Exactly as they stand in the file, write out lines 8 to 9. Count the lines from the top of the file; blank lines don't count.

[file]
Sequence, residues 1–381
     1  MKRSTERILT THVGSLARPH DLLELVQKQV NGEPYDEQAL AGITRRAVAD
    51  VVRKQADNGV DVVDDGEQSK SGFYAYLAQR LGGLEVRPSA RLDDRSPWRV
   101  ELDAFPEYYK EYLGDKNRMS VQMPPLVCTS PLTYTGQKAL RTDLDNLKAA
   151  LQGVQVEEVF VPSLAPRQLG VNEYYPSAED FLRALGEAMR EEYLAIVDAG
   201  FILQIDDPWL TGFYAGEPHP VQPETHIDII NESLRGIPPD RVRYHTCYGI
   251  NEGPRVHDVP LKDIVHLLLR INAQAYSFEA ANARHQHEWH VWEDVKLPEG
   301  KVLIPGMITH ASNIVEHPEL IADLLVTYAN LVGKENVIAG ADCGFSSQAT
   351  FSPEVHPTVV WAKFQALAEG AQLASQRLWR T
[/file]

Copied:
   301  KVLIPGMITH ASNIVEHPEL IADLLVTYAN LVGKENVIAG ADCGFSSQAT
   351  FSPEVHPTVV WAKFQALAEG AQLASQRLWR T